**LOAD ** **( KIPS )**

Pig.(5-3)- Deflection at Joint 1 of the 240 ft x 120 ft

Gable Roof under a Uniform load,(H-50 Kips,EA=30xl05 Kip) -32- '

h-ll.

o Ui Ü. iU o

0
**1**
LsJ
**>**

**6**

**5**

**4**

**3**

**2**

**LINEAR THEORY**

**-o APPROXIMATE ** **METHOD**

**^ INCREMENTAL LOAD METHOD**

**6**

4

**0** **2** **3**

**LOAD ** **( KIPS )**

Pig.(5-4)- Deflection at Joint 16 of the 240 ft x 120 ft

Gable roof under a Uniform load.

(H»50 Kips, EA=30x103 Kips)

lO **o**
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• 4 5

**•40**

**•35**

O **"30**

**_j -25**

**•20**

**•15**

**LOAD “**

**LOAD = ï KIP/JOINT + 5 KIPS AT JOINT 2**

**•10**

**70**
**60**

**50**

**30** **4 0**

**20**

10

**H ** **( KIRS}**

Bïg'(5-9)- Variation of the Deflection at Joint 1 of the

240 ft X 120 ft Gable Roof with H. (EA=50xlo3 Kips)

**LOAD = I KIP/JOINT**

**LOAD = I KIP/JOINT-h **

5** KIPS AT JOINT **

2
10 **20** 30 4 0 50 60 '70

**■ : : ; **

**. H ( KIPS)**

ï'ig» (5-10a)“ Variation of the ïension Increment in--the Section

of the Cable between Joints 16 and 17 of the

240 ft X 120 ft Cable Roof .with H.(EA=30xl03Kips)

**1-95**
**1-85**
**1-75**
**•65**
**I-li.**
**155**
I
t
**LU**
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**u.**
**UJ**
Q
**1-45**
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**•35**
**125**
M5

**■o****LOAD = I KIP/JOINT**

**LOAD = I KIP/JOINT + 5 KIPS AT JOINT 2**

**105**

**70**
**6 0**

**50**
**4 0**

**H ( KIPS )**
**3 0**

**20**

Fig.(5-10)- Variation of the Deflection at Joint 16 of the

240 ft X 120 ft Cable Hoof with H. (Ei^30xlo5 Kips)

**OJ**

ô
lO
**o**

lO _{o}

lO CVI lO

**to**

**( Id ) N0l±D31d3a 1V3I1W3A**

Pig.(5-11)- Variation of the Deflection at Joint 1 of the

Cable Roof with R. (H=50 Kips,EA=30xlo5 Kips)

—40—

*CH*

**If)**

s
**o**

**o** 8

**lO**

cvi 8

*a:*

**( I J ) N 0 llD 3 n d 3 a 1V3I1W3A**

l'ig* **(5-12v)- **Variation of the Deflection at Joint **16 **of

the Cable Roof with R. (H=50 Kips ,EA*30xlo3E3.ps)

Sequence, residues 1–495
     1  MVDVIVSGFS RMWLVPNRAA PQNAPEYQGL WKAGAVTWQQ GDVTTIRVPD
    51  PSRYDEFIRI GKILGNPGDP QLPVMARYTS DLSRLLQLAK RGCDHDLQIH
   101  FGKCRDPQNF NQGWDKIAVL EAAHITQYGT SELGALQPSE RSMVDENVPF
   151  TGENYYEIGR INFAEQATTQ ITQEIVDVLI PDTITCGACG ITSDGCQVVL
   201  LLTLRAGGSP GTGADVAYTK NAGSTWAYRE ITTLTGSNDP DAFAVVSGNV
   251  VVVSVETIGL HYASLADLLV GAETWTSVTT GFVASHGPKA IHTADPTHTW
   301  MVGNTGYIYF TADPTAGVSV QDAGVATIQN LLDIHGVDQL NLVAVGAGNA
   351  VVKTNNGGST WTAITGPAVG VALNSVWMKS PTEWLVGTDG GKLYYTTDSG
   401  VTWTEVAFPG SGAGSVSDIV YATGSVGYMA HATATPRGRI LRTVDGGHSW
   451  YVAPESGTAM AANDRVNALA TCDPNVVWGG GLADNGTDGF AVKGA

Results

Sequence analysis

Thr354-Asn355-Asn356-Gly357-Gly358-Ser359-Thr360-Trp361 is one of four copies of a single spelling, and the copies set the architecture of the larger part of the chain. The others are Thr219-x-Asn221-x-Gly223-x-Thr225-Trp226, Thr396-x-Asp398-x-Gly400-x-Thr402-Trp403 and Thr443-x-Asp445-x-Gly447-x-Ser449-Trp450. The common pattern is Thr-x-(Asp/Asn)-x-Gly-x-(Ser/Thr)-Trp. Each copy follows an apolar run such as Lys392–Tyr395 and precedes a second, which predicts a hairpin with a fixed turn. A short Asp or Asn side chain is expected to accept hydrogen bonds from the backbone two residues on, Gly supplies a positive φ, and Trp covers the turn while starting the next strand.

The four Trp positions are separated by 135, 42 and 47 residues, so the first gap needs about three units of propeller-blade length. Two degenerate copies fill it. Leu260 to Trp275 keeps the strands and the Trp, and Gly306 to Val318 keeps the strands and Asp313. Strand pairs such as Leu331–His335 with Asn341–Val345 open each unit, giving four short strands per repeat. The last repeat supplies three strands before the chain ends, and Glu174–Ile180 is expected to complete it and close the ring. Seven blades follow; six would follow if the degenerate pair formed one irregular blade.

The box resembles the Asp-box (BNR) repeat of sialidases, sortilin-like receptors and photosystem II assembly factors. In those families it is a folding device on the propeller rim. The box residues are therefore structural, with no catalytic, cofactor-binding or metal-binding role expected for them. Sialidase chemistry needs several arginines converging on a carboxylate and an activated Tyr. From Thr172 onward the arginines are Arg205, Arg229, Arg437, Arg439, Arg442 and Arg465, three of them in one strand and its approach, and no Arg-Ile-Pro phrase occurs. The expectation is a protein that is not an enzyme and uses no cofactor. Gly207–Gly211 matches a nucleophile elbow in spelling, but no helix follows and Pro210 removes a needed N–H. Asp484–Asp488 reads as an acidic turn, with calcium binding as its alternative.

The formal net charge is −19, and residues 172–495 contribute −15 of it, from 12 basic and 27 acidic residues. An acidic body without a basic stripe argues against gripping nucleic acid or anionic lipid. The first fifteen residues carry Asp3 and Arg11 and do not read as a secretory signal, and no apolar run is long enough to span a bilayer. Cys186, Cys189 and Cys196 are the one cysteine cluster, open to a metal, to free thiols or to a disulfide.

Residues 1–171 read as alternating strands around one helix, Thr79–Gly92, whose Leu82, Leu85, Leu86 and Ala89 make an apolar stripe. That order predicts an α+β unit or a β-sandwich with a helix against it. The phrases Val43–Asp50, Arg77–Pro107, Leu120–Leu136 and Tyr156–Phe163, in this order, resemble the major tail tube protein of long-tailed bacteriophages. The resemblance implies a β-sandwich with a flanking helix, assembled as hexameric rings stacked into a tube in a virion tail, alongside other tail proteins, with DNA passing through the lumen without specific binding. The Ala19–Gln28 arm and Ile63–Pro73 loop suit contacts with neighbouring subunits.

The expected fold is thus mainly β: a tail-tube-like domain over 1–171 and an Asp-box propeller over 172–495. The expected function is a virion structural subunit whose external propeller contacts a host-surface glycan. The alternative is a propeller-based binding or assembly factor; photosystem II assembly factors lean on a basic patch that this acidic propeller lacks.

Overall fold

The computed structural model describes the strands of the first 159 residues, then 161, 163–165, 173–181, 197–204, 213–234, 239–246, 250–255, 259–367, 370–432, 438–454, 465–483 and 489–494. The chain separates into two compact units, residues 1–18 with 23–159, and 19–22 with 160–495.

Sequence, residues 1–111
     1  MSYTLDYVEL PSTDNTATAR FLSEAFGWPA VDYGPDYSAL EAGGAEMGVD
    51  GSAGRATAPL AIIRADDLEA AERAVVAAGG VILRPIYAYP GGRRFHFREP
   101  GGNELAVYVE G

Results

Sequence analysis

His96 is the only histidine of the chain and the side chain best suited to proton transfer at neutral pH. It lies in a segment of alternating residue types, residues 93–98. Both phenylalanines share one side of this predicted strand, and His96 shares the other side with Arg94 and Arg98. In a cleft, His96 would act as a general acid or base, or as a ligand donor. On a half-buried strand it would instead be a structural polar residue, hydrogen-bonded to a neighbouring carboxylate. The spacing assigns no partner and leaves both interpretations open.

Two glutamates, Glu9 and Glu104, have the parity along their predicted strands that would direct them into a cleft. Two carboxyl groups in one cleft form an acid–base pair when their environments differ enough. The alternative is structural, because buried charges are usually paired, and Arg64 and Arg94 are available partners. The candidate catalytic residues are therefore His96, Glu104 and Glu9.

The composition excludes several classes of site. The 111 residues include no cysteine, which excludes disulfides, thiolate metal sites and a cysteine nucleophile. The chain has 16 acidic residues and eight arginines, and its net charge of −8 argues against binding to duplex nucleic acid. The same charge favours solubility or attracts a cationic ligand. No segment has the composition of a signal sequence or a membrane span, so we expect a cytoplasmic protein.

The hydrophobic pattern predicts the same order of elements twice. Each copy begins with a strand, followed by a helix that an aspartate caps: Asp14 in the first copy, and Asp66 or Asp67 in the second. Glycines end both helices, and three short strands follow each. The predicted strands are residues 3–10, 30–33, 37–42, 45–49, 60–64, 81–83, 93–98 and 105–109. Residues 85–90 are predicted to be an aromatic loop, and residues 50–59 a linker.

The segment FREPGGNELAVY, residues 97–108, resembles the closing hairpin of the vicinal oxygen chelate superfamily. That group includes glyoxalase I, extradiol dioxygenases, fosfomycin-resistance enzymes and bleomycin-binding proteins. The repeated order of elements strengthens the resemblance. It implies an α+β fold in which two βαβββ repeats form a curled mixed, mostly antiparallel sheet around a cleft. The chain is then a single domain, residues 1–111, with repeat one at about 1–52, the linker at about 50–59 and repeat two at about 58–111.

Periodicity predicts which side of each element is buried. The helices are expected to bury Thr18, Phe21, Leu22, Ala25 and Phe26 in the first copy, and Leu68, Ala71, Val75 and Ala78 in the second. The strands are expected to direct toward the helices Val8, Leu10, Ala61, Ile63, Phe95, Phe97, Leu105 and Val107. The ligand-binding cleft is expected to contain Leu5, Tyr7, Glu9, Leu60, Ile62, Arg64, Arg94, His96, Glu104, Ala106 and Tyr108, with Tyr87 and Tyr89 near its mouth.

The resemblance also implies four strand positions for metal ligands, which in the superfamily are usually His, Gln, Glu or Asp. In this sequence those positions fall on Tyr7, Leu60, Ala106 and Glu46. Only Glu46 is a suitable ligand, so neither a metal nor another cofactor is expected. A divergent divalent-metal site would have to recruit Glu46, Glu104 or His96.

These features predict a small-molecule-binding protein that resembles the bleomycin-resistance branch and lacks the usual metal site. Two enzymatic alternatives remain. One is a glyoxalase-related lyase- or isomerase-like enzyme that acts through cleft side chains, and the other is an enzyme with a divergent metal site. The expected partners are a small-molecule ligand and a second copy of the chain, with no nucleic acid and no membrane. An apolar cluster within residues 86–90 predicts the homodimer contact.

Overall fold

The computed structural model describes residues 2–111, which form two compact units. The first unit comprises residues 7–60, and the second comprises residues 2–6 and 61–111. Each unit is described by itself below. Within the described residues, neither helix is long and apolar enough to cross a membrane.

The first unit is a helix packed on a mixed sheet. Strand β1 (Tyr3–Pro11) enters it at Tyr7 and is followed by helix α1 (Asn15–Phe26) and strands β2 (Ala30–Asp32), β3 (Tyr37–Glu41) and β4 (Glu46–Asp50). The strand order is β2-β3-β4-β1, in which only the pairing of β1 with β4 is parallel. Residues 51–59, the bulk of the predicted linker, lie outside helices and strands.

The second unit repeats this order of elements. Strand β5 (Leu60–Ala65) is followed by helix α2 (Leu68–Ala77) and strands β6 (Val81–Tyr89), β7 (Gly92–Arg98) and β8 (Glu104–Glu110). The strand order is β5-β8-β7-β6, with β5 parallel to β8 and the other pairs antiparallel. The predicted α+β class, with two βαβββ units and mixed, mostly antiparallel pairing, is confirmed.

** 4 2 **

-Ohapter 6- Experimental Study

6,1 Description of Model.

In order to verify the theory and calculations,

an experiment was; performed on a small scale model, The model

was 6 ft X 3 ft with a difference in height of 9 ins. between

adjacent corners. The net consisted of five 1/8 in, diameter

aluminum wires in each direction. The bounding frame was of

four 12 in. deep channels welded to form a rectangular box.

Holes were drilled on the channels diagonally and along

straight lines to form the boundary of the model roof. The

wires were provided with screws at the ends for tensioning.

The wires were, glued together at the joints and hangers were,

suspended from the joints for loading the net.

The two sets of wires approximately took the

shape of parabolas, with the tv/o sets having opposite curva

ture, The total number of interior joints were thirteen and

heavy channels, used for the frame justified the assumption of

no frame deformation. The tensions in the wires were measured

by attaching strain gauges on the wire at the ends. The def

lections were, measured by dial indicators,

A plan of the net is shown in fig.(6-1),

Photographs 1 to 4 illustrate the model.

-43-Photograph 1- Top. View of the Unloaded Model

Photograph 2. A View of the loaded Model and the Datran Strain Indicating Equipment,

**“44“**

*m*

*Ml*

Photograph 3- Top View of the loaded Model

Photograph 4- Side View of the loaded Model.

-45-6,2 Experimental Procedure,

The wires were tensioned and the strains in

the wires were checked until the necessary tensions in the

wires were reached. The tensions in the wires were so adjusted

that their horizontal components were all equal to 50 lbs.

The dial indicators were then fixed and adjusted to zero and

the joints were loaded. The dial indicator readings were

noted. The loads were increased by equal increments of 1 lb

at a time to a maximum of 5 lbs. The readings were then re

peated while unloading.

Readings were also taken for concentrated loads

at various joints increasing from 1 lb to 6 lbs in addition

to equal loads of 1 lb at all the joints.

The experimental results and the theoretically

calculated results for the model are shown in figs,(6-2) to

**(6—10),**

Pig.(6-1)- Plan of Model.

—**46**—

**•06**

**•05**

(rt

**04**

**i**

Ü

**ut**

_i IL

**03**

**<**

y

**Ê-02**

**>**

**•01**

**/**

**/ ****1****V.**

**/ ****I****L.**

**/ ****^****k**

**L**

**THEORY**

**^ ** **EXPERIMENT**

**0** 2 3 4 5 6

**. ** **LOAD ( lbs)**

I^g,(6-2)- Deflection at Joint 7 of the Model under a Uniform

Load,

• 0 7

**•06**

**•05**

**^ ** **0 4**

**Z**
Q

**u**

Ul
**.J**
IL 03
ui

**o**

**ai**

**o**

**m OP.****>**

•01

**THEORY**

**EXPERIMENT**

**6**

**5**

**3** **4**

**2**
**0**

**LOAD (lb s )**

Fig,(6-3)- Deflection at Joint 9 of the Model under a Uniform

Load,

—48—

**•07**

**•06**

_ 05

**v>**

**z**

**z**
**o**

h-O

**UJ**

_l Ü.

**UJ**
**Q**

**•04**

* ■I* L

**d ** **0 3**

**H-OU**

**■02**

**•01**

**THEORY**

**EXPERIMENT**

**6**

**5**